Osteopontin is associated with increased arterial stiffness in rheumatoid arthritis.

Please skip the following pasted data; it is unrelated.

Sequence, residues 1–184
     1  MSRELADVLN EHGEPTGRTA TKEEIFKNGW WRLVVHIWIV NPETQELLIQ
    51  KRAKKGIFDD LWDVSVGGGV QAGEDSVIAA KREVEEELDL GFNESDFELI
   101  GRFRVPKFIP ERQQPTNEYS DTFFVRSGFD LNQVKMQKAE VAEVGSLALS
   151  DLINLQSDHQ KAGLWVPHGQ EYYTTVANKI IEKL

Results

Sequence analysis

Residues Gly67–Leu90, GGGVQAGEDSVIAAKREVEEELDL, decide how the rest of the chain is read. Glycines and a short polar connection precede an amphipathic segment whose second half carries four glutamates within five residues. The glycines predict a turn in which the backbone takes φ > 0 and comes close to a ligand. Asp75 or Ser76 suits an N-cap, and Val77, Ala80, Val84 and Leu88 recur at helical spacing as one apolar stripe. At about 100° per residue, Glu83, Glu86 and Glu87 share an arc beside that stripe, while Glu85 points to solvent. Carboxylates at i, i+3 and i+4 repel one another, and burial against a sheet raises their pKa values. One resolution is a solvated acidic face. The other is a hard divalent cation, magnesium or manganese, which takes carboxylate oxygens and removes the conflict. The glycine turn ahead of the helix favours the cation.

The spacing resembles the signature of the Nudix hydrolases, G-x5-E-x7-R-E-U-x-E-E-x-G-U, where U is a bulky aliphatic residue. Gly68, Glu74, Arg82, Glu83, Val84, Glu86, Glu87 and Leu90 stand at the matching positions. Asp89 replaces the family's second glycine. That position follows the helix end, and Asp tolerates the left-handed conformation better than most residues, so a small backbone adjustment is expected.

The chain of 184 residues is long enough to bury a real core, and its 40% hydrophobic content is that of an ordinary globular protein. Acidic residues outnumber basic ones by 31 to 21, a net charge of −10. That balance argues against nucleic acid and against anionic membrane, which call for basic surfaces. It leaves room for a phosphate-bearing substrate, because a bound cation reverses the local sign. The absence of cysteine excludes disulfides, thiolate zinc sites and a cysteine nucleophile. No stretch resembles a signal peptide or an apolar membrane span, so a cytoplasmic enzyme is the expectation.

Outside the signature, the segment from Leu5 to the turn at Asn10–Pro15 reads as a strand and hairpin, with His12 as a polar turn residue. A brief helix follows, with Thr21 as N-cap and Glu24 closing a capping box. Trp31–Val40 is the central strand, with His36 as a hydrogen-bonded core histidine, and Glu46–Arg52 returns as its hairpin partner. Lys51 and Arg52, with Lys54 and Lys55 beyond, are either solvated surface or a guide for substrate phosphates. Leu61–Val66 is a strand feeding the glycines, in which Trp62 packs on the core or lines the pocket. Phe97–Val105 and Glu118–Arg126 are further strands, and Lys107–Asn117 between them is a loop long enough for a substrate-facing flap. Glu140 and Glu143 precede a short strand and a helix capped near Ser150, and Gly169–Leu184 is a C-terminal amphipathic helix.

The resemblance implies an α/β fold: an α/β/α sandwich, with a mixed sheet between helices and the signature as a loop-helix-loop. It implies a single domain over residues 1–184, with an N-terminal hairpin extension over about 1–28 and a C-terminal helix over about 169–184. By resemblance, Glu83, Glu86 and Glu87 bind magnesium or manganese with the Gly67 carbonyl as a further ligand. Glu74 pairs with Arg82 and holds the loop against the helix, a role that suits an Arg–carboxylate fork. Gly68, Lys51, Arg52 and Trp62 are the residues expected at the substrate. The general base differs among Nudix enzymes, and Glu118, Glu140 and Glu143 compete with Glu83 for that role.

Rheumatoid arthritis (RA) patients are characterized by increased arterial stiffness, an independent predictor of cardiovascular risk. It has been suggested that osteopontin (OPN), a cytokine involved in RA pathogenesis, might have vascular effects. To study a possible relationship between OPN and arterial stiffness, aortic pulse wave velocity (PWV) was measured by tonometry in 69 patients (41 with RA, 28 with systemic sclerosis [SSc]) and 18 healthy controls. Plasma OPN levels, oxidative stress markers, and endothelin 1 (ET-1) were assessed. OPN levels were significantly (P < 0.05) higher in RA (median 9.93, range 4.36-47.80 ng/mL) than in SSc (4.3, 2.1-19.7 ng/mL) or controls (5.2, 4.1-9.4 ng/mL). In RA patients, log-OPN was related to log-C-reactive protein (log-CRP) (r = 0.30, P < 0.05), age (r = 0.38, P < 0.01), Health Assessment Questionnaire (HAQ) (r = 0.58, P < 0.0001), and inversely related to total cholesterol (r = -0.33, P < 0.05) and apolipoprotein A (apoA) (r = -0.58, P < 0.001), but not to oxidative stress markers and ET-1. PWV was similar in RA (median 8.1, range 4.7-16.4 m/s) and SSc (median 8.7, range 7.1-13.1 m/s), but significantly greater (P < 0.01) than controls (median 7.5, range 4.1-10.4 m/s). Aortic PWV was related to log-OPN (r = 0.40, P < 0.01) only in RA patients. It also was related to age (r = 0.34, P < 0.05), mean blood pressure (r = 0.44, P < 0.001), and HAQ (r = 0.48, P < 0.001). In multiple regression analysis (r(2) = 0.36), including confounders, log-OPN remained a significant predictor (P < 0.05) of PWV in RA. Elevated plasma OPN levels are associated with increased arterial stiffness in RA patients, suggesting that this protein might represent a bridge protein between inflammation and the consequent joint damage and cardiovascular risk in RA patients.